While recent commercial agreements have launched Oceanlinx into a new stage of business operations, research and development remain the core of its activities, reports Suzanne Pritchard
Established under the name Energetech in 1997, the subsequently re-named Australian wave power company Oceanlinx has since invested more than A$30M (US$27M) on research and development of proprietary technology. The company has looked to using wave energy to produce electricity and also to provide either desalinated industrial or potable water from sea water.
Oceanlinx’s wave energy converting device uses an oscillating water column (OWC) within a fixed or floating platform, and the movement within the confined tube drives air through a turbine. The floating platform can be sited offshore in depths of more than 30m, which enables the units to generate higher outputs in comparison with wave energy systems operating closer to shore. The fixed structure – which is an alternative design that sits on the seabed – allows the technology to be operated in shallow water near to the shore, such as at Port Kembla in New South Wales.
The system works by taking the trapped, but moving, air above the OWC and forcing it through a specially designed duct that narrows to a minimum cross-section at the patented turbine, which accelerates the flow and turns the blades. This has the effect of accelerating air flow to rotate the turbine. Continuous shaft rotation in one direction is achieved by the Denniss-Auld turbine though the airflow reverses cyclically, first being pushed up and compressed by a rising wave and then being sucked back through the device as the water level falls.
Software and logic control systems allow the turbine blade pitch to be adjusted throughout a wave cycle, which enables them to be pitched optimally to throttle the power output to the generator. The control system thereby allows the generator to produce electricity within its design sea state limits. It also enables continuous generation of electricity in either very low or high waves without under- or overloading the generator or requiring it to be shutdown.
To hold the wave energy converter in position in deep water, the company employs catenary mooring systems that draw upon the established and proven technologies of the offshore oil and gas sector when designing floating production and storage units. The mooring system comprises lengths of chains, wires and synthetic ropes to connect the device to anchors on the seabed but this concept design allows significant flexibility. It facilitates a wide range of mooring line sizes and strengths, and various positions for anchoring to the seabed which enables the unit to successfully deal with variable site-specific conditions. The catenary system keeps the unit in its planned position and excursion limits, allows for a progressive uptake of mooring loads, contributes to modified motions and power output, and also prevents high impulse forces.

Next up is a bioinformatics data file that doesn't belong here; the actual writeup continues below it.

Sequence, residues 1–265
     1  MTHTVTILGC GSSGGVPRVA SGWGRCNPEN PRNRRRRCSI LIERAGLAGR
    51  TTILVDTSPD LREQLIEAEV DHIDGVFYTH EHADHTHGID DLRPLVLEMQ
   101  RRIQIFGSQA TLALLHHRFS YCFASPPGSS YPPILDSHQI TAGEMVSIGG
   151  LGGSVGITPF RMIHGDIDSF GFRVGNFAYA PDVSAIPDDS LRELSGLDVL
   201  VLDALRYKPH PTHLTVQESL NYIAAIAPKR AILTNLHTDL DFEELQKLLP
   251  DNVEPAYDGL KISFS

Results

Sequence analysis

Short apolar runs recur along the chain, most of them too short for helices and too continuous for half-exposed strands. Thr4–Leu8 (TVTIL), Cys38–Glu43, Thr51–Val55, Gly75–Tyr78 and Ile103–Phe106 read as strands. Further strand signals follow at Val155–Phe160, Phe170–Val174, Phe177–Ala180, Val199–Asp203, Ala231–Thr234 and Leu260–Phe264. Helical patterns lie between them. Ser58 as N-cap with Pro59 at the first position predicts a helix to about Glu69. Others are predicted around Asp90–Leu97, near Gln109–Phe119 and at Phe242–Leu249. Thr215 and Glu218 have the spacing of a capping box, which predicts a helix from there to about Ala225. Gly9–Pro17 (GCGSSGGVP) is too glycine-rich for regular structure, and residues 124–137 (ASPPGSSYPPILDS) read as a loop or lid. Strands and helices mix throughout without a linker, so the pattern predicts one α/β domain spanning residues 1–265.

To reduce vertical oscillations caused by the waves in its floating units, a heave plate (a horizontal steel or other rigid material structure) is fixed to each leg or the base of the unit. The inertia of the water mass above and below the heave plate has the effect of dampening the motions, bringing about a partial difference in timing, or phase lag, between the relative vertical movements of the unit and waves. Energy conversion is enhanced by the device falling as the wave inside the OWC rise, and vice versa.
Between 1997-2003, with the assistance of academic and research organisations such as the University of New South Wales, Oceanlinx aimed to prove its wave energy converter technology in a series of computer modelling and wave tank tests. By 2002 research and testing had advanced to the point where ‘proof of concept’ was needed.
Over the next three years a full-sized working prototype was designed and built at Port Kembla. The prototype turbine is a 21 bladed, variable pitch system of 1.59m diameter with a rotational speed of 500rpm. It was designed by Oceanlinx and Airgasco and built by Vale SMS. The factory endurance test was witnessed by Lloyd’s Register. In June 2005, the unit was deployed with a 450kW power capacity and at the end of 2006 permanent installation was completed.
Oceanlinx wanted to both confirm the unit’s performance and provide a basis for its ongoing design improvements programme. The company also believed using a full-scale unit would enable potential customers to appreciate the commercial appeal of the technology, especially as its proximity to shore made it well placed for generating peak power to the transmission grid.
Although Port Kembla was originally envisaged as a pilot plant, Oceanlinx has since announced that it is to be connected to the grid early this year. Under an extended production test, a power purchase agreement (PPA) was signed with Integral Energy, and the unit is reported to be performing in line with forecasts and the company is pleased with the results.
Apart from Port Kembla, Oceanlinx has achieved a number of project developments for its wave energy converter internationally – in the UK, US and southern Africa.
In June 2007, Oceanlinx signed a letter of intent with the South West of England Regional Development Agency (SWRDA) for the establishment of a 5MW generating facility as part of the £28M (US$56M) Wave Hub, which will have a maximum capacity of 20MW. Oceanlinx is one of four developers chosen to participate in the project, the others being Ocean Power Technologies, Fred Olsen and a consortium called WestWave which will use the Pelamis technology of ocean-power-delivery.
The Wave Hub will function as an electrical ‘socket’ on the seabed about 18.5km off the Cornish coast, which will enable developers of wave energy technologies to connect their devices to the grid. The seabed plug venture will cover an area of 4km by 2km with each developer granted a lease of 5-10 years in area of 2km2. Water depth is approximately 50m. Funding for the scheme has been secured, planning permission granted and Wave Hub is due to be operational in 2009.
Oceanlinx is also providing a wave power unit off the coast of Rhode Island. The company signed a memorandum of understanding (MoU) for the first 1.5MW unit with the state Government in October 2007. A further 15MW-20MW of capacity is to be installed. The initial device will be funded by grants from Rhode Island, with the larger generating facilities seeking finance through low interest rate bonds.
Off the coast of Hawaii, the company is to provide 2.7MW of capacity, equal to three to four units of its wave energy converter technology. An MoU was also signed last October, funding is from Oceanlinx and other parties, and a PPA is under negotiation.